I was standing in the supermarket queue, clutching a purse full of small change, enough I thought to buy a copy of the Saturday newspaper. When I got to the head of the queue and handed over the paper to the young girl at the checkout for scanning, she promptly asked for $3.80. Well enough, but the problem was – I only had $3.70 in change in my purse. Feeling stupid and a bit behind the times as to the cost of newspapers, I meekly asked if I could drop the extra 10c in the following day as it was getting cold, I was tired and didn’t feel like a walk home to get more change then back again.
The young girl at the checkout started getting uneasy and I didn’t blame her. A decision like this was way beyond her authority. Then suddenly out of the blue, a lovely young man standing directly behind me in the queue offered the 10c (well actually he handed me 20c and I gave him 10c back). It wasn’t that I was completely surprised, just that it was usually me doing such good neighbourly deeds! Not others around here.
I thanked him sincerely and gathered up my paper and quickly headed home. On the way I remembered a delightful, if also tear-jerking film that I have always loved – Pay It Forward. It stars Kevin Spacey (oh, I just love Kevin Spacey, I would watch just about anything he was in) and Haley Joel Osment and based on a best-selling book by Catherine Ryan Hyde. For those that have not watched or heard of it, it is the story of a young boy who, prompted by his social studies teacher and an assignment, develops an idea to make the world a better place by creating a momentum of good deeds that are paid forward to others, often complete strangers. The ideas in the film and book has developed a bit of a following and in some communities around the world there are even dedicated ‘Pay It Forward’ days.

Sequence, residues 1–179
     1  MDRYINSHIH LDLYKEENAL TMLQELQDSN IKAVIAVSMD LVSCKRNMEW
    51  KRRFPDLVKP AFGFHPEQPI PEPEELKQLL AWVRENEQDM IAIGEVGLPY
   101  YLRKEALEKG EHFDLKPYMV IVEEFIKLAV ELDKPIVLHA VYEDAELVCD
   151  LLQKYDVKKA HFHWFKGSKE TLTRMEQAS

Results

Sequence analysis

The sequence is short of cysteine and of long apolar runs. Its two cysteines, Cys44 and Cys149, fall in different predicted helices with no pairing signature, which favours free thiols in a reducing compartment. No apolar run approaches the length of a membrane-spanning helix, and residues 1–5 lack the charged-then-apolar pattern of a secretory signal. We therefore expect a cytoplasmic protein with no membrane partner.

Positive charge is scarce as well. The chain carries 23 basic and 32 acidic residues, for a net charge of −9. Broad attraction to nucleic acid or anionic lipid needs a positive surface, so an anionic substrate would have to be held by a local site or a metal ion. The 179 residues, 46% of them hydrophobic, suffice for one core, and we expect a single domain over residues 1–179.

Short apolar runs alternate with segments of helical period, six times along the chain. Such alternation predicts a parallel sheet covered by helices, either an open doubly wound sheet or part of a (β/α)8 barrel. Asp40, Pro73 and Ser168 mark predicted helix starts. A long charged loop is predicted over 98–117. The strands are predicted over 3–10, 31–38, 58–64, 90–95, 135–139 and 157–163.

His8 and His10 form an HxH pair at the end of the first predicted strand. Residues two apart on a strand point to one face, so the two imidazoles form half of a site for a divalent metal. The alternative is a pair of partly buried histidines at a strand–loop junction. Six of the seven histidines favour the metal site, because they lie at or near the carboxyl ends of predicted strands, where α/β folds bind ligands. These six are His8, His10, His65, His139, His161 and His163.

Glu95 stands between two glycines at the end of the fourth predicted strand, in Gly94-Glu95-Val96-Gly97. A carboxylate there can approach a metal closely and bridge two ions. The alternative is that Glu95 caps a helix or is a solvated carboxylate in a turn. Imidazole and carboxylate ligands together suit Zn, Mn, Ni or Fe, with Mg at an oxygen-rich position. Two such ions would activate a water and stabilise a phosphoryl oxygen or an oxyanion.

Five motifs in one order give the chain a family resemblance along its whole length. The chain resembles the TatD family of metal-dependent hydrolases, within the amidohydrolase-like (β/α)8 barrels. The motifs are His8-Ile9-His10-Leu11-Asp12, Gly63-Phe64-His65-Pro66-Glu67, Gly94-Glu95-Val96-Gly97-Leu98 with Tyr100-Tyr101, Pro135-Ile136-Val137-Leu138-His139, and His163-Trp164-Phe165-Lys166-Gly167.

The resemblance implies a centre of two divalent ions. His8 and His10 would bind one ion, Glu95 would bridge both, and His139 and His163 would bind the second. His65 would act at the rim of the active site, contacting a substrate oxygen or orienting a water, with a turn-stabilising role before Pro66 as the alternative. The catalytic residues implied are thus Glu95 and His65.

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When I arrived home, I also remembered something I had read about a movement where people pay ahead for coffee in some cafes that homeless people or others just down on their luck can use as payment when they come in. I quickly looked it up on the internet and found the idea – known as ‘suspended coffee’. Such an interesting and thoughtful idea!
I wonder how many people these days, busy with their lives looking after number one actually give any thought to ideas such as this, or just doing simple good deeds for strangers now and then? I often think about it and do it whenever an occasion arises. As for that day’s kind deed, I know it was only 10c from a stranger, but it meant a lot to me. It restored my faith in the world around me and the idea that there is, in fact, a lot of kindness in strangers.
Have you been on the giving or receiving end of a random act of kindness recently?